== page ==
States have needed to continuously update their coronavirus response protocols as infection rates rise and as the world learns more about the Covid-19 pandemic. Moreover, the Centers for Disease Control and Prevention (CDC) also provides guidance that states, business owners, and landlords should follow. Landlords and businesses are expected to keep up with the myriad changes, implement programs and policies in accordance with the protocols and guidelines, and take new precautions as the situation evolves.
Both landlords and businesses may face liability if they fail to adhere to the protocols and rules, or fail to adapt to changes quickly enough, even when the precautions are already taken would have been viewed as sufficient just days before. Many states invite whistleblowers to report noncompliance, and failure to abide by the applicable rules can lead to fines and possibly even lawsuits. Accordingly, it is important that landlords and business owners promptly identify the applicable rules and protocols, that they implement compliant programs and policies so that people stay safe, and that owners mitigate their potential liability.
Although each state has different rules, the CDC and state guidelines provide that landlords generally are responsible for maintaining and cleaning common areas. This includes lobbies, communal bathrooms, hallways, and stairways. The CDC provides detailed guidance on the types of cleaning solutions that should be used. Owners of office buildings should also increase ventilation and circulate outdoor air where possible. The particular details, however, often present unique challenges to landlords who are used to operating under one set of rules, only to discover a different set now applies.
As a firm with offices in Connecticut and Virginia, we will be focusing this document on the law of these two states. Under Connecticut law and CDC guidance, landlords should develop a cleaning plan to ensure their buildings remain safe. In addition to thoroughly cleaning the common areas, buildings should post signs displaying the updated policies, including social distancing, use of masks, and ordering people to go home if they are sick. Facilities are encouraged to complete a self-certification to receive a “Reopen CT Badge” which advertises that the building adheres to Connecticut’s rules.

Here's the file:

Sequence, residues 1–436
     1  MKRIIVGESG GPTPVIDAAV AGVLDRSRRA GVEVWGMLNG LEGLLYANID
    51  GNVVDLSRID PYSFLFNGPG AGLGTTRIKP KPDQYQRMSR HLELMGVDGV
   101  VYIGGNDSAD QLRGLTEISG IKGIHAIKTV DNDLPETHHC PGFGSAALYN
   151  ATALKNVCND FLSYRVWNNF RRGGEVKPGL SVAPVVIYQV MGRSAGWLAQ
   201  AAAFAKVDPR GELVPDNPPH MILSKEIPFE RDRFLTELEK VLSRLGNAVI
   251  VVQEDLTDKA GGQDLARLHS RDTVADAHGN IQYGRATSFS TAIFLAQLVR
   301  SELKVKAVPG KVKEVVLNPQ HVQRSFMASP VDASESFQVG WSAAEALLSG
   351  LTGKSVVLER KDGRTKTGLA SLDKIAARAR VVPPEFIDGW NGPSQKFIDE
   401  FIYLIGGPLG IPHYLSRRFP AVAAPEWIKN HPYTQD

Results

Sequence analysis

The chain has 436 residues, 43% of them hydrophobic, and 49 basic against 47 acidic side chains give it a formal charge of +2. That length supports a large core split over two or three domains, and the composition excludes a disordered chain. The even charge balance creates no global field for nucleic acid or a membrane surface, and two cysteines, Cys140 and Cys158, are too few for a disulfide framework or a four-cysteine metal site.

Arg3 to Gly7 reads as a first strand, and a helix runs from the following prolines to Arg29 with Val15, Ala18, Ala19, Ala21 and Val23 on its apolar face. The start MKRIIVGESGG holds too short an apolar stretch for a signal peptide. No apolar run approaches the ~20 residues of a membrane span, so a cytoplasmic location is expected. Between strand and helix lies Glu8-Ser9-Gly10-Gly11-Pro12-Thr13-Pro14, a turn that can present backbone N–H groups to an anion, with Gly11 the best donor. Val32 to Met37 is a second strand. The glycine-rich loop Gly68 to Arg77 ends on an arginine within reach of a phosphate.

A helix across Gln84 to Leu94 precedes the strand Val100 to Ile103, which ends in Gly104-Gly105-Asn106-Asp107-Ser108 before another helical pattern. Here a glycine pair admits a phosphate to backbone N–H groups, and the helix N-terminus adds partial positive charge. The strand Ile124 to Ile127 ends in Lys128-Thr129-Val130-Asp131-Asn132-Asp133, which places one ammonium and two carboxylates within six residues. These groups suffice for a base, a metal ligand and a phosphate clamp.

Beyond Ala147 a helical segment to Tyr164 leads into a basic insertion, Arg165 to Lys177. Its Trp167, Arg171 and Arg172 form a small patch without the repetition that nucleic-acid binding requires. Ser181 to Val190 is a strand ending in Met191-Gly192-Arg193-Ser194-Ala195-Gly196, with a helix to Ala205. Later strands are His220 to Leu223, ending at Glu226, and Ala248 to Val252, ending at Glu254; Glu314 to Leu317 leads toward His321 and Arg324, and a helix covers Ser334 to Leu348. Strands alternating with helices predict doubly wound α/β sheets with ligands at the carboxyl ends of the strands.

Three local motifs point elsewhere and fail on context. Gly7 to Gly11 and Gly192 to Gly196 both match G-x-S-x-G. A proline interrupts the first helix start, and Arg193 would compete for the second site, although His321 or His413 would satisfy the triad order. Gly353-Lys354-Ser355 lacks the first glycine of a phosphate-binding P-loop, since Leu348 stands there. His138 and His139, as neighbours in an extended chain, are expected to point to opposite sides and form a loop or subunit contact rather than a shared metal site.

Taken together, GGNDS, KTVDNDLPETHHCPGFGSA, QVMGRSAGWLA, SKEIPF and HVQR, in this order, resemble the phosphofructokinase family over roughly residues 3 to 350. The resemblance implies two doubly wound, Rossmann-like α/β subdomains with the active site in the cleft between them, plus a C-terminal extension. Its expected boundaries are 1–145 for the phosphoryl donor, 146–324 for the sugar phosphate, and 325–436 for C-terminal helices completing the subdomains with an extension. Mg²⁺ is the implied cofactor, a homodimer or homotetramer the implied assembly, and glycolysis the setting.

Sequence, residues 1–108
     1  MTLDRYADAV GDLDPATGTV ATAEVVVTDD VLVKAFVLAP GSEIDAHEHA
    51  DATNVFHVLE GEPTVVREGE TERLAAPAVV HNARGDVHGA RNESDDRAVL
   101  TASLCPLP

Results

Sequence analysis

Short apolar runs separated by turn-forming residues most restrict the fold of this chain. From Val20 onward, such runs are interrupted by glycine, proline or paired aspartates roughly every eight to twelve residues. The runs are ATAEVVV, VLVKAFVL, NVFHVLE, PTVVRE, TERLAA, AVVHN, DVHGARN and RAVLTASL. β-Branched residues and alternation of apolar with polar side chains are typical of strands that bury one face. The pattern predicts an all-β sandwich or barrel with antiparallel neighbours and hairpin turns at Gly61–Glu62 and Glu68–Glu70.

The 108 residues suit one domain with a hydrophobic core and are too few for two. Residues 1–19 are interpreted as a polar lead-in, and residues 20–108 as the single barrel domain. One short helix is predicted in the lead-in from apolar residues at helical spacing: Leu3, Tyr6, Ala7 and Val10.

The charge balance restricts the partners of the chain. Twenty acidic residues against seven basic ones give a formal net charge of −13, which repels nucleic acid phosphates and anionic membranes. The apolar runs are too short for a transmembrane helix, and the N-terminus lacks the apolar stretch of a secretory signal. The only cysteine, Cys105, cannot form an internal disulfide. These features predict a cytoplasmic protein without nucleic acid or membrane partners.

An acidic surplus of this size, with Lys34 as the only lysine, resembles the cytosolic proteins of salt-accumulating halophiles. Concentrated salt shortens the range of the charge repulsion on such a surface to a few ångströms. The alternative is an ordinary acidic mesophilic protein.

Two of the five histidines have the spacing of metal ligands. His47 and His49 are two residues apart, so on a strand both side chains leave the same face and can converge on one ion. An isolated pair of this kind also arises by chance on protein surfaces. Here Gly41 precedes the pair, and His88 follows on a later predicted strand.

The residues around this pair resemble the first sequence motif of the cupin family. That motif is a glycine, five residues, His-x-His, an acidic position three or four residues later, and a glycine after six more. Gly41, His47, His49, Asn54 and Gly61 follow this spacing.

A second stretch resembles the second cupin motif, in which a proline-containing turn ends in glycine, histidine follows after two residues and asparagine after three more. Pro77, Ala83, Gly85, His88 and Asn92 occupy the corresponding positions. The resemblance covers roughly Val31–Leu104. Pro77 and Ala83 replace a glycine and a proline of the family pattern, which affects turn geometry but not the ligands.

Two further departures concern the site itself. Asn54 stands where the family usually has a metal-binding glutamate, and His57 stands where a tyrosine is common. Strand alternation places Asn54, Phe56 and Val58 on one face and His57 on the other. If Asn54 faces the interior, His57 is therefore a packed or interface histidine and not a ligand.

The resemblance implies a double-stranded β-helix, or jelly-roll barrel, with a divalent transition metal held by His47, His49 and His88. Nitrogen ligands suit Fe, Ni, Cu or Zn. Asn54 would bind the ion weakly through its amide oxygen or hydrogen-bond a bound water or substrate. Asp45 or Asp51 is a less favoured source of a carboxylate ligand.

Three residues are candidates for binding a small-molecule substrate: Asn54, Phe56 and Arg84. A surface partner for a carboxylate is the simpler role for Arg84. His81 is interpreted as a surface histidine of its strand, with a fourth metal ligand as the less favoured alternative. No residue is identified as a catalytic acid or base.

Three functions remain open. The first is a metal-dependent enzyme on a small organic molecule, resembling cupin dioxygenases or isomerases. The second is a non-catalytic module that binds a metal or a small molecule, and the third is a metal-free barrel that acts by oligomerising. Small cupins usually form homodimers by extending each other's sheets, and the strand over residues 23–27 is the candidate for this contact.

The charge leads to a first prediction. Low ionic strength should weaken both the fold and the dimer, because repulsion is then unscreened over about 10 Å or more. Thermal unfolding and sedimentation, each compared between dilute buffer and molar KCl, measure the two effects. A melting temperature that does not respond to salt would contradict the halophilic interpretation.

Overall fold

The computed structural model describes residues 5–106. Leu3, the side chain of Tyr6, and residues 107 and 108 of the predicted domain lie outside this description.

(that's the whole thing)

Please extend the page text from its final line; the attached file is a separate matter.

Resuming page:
Business owners and landlords should be aware that Governor Ned Lamont has reverted back to Phase 2.1 in Connecticut. While marketed as a “slightly modified version of Phase 2,” this stage introduces several material changes that can confuse even careful observers .
 “Latest Guidance,” Connecticut Covid-19 Response; available at: https://portal.ct.gov/Coronavirus/Covid-19-Knowledge-Base/Latest-Guidance (Nov. 6, 2020).
For instance, private gatherings in indoor commercial venues may have no more than 25 people, the same as in Phase 2. However, private gatherings in outdoor commercial venues can have no more than 50 people (far fewer than the 100 allowed in Phase 2). A commercial venue could receive fines for hosting a group of 75 people, mistakenly thinking the gathering was still legal under Phase 2 rules. It is important to note that the capacity requirements vary depending on the type of business, so it is essential to check with the Phase 2.1 regulations before implementing a capacity policy for your business or building.
Overall, restrictions under Virginia law are similar. Owners must ensure that social gatherings are limited to 50% of the event spaces’ occupancy or 25 people, whichever is less. However, one particularly unique aspect is that different parts of the Commonwealth can operate under different sets of rules. For instance, until recently, it was only restaurants in the Eastern Region of Virginia which were required to stop selling alcohol in restaurants at 10 PM. A restaurant chain’s Virginia Beach location, therefore, had different responsibilities than the same restaurant’s Alexandria location.
Landlords and business owners must be diligent to ensure compliance with rules and guidance promulgated by the CDC. It is better to proactively avoid problems than to react to accusations or respond to whistleblower complaints or even lawsuits. Landlords and business owners should be vigilant in complying with the state rules to mitigate potential liability. The stakes go beyond just avoiding a fine; these actions also help save lives. And regardless of the financial penalties, the public relations problems alone should incline landlords to comply with the rules.
Legal counsel can help you navigate the Covid-19 rules so that buildings avoid noncompliance, mitigate potential liability, and minimize the risk of spreading Covid-19. Jacobi & Case has trained lawyers in both Connecticut and Virginia who are available to answer questions.